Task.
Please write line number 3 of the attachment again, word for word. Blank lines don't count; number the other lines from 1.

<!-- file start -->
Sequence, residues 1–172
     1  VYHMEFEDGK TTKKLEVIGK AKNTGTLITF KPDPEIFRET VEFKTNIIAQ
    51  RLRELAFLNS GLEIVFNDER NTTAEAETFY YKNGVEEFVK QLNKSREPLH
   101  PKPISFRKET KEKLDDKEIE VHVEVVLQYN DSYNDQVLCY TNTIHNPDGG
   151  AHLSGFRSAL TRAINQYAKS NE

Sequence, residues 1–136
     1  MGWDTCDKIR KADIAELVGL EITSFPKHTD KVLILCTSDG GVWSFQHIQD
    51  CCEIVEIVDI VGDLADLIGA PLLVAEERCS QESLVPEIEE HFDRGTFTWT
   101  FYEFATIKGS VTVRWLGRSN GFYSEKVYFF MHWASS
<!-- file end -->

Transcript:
    51  RLRELAFLNS GLEIVFNDER NTTAEAETFY YKNGVEEFVK QLNKSREPLH